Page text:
N.K. Goyal

The government has been coming up with very good policies and initiatives; however, successful implementation will play an important role. Initiatives such as Make in India have been attracting large investments. But a few issues in the handset segment still need to be sorted out. For instance, the IMEI number for each mobile device should be delivered by government agencies.

Meanwhile, in the provisioning of wireless services, the high price of spectrum has impacted pan-Indian coverage. As operators invest heavily in acquiring spectrum and setting up networks, service affordability has been impacted. This, in turn, will hinder the process of achieving Digital India’s objective of providing universal access to all.

Inderpreet Kaur

Government support and participation will be necessary on multiple fronts, from ensuring adequate public funding for the programme to working out various business models in order to take broadband to rural and low-income households through subsidised services. There are many challenges on the regulatory front, and the government should address these in order to create a level playing field for interested participants.

Dr Mahesh Uppal

One key expectation is for the government to have a creative engagement with the industry. It should not only actively seek information from the industry, but also be willing provide it. It needs to put an effective consultative mechanism in place, which would allow both sides to discuss their concerns and address them effectively. The industry and the government must align their incentives. For instance, the government cannot simply expect the industry to do all that is necessary for a digital India without providing any support. Similarly, the industry must not expect that the government will function as simply as a company, because governments have to work with a different agenda, priorities and constraints. Such an understanding is a critical step towards effective engagement.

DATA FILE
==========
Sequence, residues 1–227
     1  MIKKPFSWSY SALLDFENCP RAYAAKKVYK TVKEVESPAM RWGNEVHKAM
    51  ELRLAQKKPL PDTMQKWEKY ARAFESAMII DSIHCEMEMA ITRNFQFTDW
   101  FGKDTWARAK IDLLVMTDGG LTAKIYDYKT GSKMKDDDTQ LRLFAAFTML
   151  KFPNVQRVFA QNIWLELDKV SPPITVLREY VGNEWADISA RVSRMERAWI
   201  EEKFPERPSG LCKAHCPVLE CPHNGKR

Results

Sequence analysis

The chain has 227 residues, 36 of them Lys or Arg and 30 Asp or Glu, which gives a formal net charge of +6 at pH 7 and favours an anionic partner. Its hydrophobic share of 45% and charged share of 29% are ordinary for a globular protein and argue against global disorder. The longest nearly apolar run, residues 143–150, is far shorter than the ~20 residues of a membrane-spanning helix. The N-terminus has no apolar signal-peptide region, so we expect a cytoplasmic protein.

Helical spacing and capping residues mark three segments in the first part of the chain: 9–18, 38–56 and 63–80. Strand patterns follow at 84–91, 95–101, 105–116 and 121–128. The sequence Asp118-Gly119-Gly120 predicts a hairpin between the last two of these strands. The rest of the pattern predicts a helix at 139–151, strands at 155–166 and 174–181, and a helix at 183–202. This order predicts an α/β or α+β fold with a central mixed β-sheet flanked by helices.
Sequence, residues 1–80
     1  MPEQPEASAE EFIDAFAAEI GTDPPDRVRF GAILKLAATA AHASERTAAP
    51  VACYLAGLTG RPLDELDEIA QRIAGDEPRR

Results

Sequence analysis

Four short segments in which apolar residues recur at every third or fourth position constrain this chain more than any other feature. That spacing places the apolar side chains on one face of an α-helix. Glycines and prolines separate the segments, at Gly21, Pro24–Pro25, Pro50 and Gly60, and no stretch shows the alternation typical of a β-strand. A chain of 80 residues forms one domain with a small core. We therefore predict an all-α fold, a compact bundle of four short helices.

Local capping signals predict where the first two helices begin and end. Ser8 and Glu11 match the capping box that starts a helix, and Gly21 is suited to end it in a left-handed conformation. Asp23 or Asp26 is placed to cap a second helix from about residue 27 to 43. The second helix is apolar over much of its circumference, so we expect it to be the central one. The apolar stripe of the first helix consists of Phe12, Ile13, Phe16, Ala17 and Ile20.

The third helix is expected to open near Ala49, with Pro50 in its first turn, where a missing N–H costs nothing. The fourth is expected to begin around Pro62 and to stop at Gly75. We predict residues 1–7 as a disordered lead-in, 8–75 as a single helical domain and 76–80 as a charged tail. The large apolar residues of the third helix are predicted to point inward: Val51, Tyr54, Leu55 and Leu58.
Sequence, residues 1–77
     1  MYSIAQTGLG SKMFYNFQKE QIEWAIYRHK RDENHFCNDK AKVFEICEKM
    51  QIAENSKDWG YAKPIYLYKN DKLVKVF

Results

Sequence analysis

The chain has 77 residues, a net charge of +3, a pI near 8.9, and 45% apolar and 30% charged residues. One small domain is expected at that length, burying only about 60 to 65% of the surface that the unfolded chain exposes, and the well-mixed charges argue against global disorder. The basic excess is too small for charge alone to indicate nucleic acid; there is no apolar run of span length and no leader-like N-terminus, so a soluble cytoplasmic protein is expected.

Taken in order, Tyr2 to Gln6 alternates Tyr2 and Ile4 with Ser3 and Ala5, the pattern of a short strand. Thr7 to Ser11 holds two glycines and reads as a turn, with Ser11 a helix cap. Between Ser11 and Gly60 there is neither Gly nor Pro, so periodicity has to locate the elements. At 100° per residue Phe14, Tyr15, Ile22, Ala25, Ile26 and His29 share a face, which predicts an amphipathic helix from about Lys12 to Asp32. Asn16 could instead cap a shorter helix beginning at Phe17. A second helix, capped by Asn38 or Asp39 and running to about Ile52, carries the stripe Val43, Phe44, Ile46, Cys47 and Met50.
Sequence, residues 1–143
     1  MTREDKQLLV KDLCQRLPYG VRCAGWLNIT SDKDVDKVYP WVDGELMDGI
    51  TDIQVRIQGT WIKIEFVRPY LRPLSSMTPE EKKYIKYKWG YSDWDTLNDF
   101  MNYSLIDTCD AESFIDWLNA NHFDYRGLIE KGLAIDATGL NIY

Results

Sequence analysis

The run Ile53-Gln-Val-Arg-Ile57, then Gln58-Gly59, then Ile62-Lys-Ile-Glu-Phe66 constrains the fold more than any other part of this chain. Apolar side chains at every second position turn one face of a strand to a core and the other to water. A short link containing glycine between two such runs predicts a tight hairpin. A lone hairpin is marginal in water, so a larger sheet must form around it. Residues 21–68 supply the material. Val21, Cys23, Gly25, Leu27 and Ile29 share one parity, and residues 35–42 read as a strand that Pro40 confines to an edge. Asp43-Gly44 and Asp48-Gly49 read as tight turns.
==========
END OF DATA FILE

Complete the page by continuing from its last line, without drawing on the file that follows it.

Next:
What are the issues and challenges that need to be resolved in order to create broadband highways and enable universal access to mobile connectivity?

Rajesh Chharia

One issue is that the policies do not match the technology. Second, the government is imposing unnecessary licence fees, which hampers industry growth. There is also a lack of faith in the idea that last mile access can be provided by cable operators and small service providers. Lastly, the government should not be focusing on making revenue from the services because its sole objective should be development.

N.K. Goyal

The government’s attempts to push telecom operators to provide services in rural and uncovered areas by deploying various incentives and schemes have witnessed little success. Thus, more innovative models are necessary for achieving this objective. For instance, IP providers and internet service providers can be brought under the ambit of the Universal Service Obligation Fund. Meanwhile, equipment manufacturers or rural authorities can be authorised to deliver local services in rural areas. For a country like India, with a deep-rooted political system and administration, the challenges are many; however, state-level intervention can help in addressing them one by one.

Dr Mahesh Uppal